This article is the first in a series discussing trends, tools, and processes related to your Software Delivery processes. We will uncover how taking on a DevOps mindset and making incremental changes can have a tremendous impact and ROI to your organization.
Recently, we developed 5 Misconceptions about DevOps, a guide highlighting the top misconceptions around DevOps today and sharing our perspective on the true state of DevOps today. Download it and read on as we dig in further to DevOps.
Since a young age we have all been reminded of the importance of saying, “thank you.” After so many years of using the phrase, it can be easily forgotten that thank you is more than good manners. Thank you can be a powerful gesture, especially as a punctuation point on the interview process.
You may ask yourself, “Why should I write a thank you note?” Why not? The worst that can happen is that the note is ignored, and the best-case scenario is you set yourself apart from other interviewees and land a new position. Even if you made a great impression in the interview, a thank you note can serve to provide a positive reminder for the interviewers.
Digging In is a regular series of blog posts profiling UDig employees. We hope this series helps you to get to know our team and understand why we dig what we do!
This summer, UDig Richmond had the pleasure of hosting two summer interns. As they head back to school, we had one last request… a recap of their experience for the blog. Read on to hear their accounts of what’s it’s really like to work at UDig.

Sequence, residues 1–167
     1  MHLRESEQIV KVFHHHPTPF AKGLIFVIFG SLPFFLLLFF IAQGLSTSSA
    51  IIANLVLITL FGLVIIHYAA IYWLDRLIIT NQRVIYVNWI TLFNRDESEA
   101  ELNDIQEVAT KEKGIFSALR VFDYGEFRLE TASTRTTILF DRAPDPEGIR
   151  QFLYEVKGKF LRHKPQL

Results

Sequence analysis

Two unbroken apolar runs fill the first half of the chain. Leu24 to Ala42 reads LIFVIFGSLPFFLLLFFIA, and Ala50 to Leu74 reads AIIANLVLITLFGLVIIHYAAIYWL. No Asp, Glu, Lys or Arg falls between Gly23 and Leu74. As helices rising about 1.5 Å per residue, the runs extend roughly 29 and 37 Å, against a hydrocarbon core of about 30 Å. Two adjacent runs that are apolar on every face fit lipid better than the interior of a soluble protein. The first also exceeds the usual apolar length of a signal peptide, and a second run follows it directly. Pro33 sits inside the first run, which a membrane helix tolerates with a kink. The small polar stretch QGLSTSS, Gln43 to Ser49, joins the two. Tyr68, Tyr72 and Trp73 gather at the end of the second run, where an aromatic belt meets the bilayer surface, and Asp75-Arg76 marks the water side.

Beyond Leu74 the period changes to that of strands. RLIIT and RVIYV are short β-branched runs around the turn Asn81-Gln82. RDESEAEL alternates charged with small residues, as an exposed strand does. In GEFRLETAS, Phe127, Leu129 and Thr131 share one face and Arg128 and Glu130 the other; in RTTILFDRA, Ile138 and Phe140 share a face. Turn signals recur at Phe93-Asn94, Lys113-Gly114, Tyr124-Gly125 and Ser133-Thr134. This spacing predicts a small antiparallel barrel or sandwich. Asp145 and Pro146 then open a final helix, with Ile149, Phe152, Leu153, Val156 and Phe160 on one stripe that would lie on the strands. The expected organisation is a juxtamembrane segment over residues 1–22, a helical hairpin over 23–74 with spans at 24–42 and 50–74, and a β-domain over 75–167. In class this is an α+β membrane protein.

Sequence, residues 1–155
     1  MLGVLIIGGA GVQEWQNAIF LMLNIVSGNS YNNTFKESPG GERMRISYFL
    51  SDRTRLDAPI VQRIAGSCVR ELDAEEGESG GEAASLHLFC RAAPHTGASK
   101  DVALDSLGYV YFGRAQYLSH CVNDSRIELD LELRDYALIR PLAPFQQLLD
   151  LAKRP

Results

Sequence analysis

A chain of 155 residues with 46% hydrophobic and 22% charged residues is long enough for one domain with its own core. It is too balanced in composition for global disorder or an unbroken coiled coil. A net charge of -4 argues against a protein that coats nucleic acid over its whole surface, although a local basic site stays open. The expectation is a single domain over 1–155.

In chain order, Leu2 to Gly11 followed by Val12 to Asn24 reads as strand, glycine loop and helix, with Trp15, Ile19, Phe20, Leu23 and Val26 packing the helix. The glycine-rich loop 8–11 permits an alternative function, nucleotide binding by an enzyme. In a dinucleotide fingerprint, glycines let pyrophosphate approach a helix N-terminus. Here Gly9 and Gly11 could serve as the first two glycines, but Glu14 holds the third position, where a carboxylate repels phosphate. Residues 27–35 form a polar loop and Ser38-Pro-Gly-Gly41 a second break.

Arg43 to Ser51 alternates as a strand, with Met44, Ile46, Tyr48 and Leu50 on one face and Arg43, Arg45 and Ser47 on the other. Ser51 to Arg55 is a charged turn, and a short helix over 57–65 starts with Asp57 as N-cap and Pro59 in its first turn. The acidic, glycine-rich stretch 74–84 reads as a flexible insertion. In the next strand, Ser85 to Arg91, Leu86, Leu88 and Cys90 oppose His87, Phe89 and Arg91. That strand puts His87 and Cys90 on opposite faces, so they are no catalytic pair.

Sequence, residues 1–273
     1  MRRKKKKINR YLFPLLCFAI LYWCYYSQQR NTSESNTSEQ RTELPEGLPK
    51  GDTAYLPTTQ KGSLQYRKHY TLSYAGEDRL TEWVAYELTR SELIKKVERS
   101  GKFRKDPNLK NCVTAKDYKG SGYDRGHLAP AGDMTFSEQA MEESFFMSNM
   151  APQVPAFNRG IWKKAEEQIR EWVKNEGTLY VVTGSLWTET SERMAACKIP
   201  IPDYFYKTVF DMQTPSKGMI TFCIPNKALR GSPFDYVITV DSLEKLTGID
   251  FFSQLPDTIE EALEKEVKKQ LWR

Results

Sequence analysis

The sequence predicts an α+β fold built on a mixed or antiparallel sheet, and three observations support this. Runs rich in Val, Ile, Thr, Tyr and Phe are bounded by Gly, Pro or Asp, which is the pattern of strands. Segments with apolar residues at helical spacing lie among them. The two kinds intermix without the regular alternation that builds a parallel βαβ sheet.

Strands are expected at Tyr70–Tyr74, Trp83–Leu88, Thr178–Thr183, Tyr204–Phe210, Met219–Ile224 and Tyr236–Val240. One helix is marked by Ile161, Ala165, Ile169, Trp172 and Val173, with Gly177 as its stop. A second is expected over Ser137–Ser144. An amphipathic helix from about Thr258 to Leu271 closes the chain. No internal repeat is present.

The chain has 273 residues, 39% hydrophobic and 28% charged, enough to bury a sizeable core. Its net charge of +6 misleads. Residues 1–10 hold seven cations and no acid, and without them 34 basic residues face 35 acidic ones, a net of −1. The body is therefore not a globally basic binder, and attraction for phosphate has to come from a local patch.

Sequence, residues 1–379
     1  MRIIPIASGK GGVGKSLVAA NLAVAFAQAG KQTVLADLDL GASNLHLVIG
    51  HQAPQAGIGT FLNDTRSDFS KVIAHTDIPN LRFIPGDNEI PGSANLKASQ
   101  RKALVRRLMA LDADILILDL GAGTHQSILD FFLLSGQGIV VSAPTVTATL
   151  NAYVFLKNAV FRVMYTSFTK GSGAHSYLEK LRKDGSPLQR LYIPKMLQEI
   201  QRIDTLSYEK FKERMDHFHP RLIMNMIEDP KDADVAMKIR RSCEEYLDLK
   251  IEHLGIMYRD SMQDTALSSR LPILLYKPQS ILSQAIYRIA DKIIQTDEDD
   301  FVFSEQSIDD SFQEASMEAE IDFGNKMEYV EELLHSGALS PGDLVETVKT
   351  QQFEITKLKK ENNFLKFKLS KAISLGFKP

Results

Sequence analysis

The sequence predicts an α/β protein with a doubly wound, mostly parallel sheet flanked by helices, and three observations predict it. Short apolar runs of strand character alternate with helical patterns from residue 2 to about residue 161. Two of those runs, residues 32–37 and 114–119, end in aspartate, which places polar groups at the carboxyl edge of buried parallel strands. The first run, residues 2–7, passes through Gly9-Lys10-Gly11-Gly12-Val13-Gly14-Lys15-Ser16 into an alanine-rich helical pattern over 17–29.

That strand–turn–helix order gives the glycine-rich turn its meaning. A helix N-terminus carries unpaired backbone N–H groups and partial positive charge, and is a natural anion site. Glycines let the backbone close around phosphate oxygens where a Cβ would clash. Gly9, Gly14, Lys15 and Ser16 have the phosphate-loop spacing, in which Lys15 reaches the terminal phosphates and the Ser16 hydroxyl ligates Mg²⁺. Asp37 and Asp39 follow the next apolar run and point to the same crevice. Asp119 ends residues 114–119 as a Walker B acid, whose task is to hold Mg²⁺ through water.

2015 was predicted to be a big year for cloud computing. Multiple reports cited cloud computing as the 2nd largest expenditure in technology behind security in 2015. We are more than half way through 2015 and we are seeing our customers consume more cloud services. Each one of the cloud strategies we work on with our clients is different. They have discrete goals and needs, and those requirements drive our engagements.
Prior to 2015 the big driving factors behind cloud utilization were:
• Accelerate application development • Decrease maintenance and support efforts • Flexible OpEx Cost Structures • Increase opportunity for collaboration • Reduce business continuity risk
Our experience with our clients has validated that these factors are still the driving force for increased spend in cloud services. Many of our clients have already addressed lower risk solutions like email, disaster recovery and infrastructure as a service.
As cloud computing matures, clients are starting to realize more specialized cloud services focused on processing data, analytics and delivering business applications. The themes and challenges for cloud strategy are evolving. For early adopters, we have started to see the following two issues emerge:
RICHMOND, VA, August 12, 2015 — Inc. magazine today ranked UDig No. 4353 on its 34th annual Inc. 5000, an exclusive ranking of the nation’s fastest-growing private companies. The list represents the most comprehensive look at the most important segment of the economy—America’s independent entrepreneurs. Companies such as Yelp, Pandora, Timberland, Dell, Domino’s Pizza, LinkedIn, Zillow, and many other well-known names gained early exposure as members of the Inc. 5000.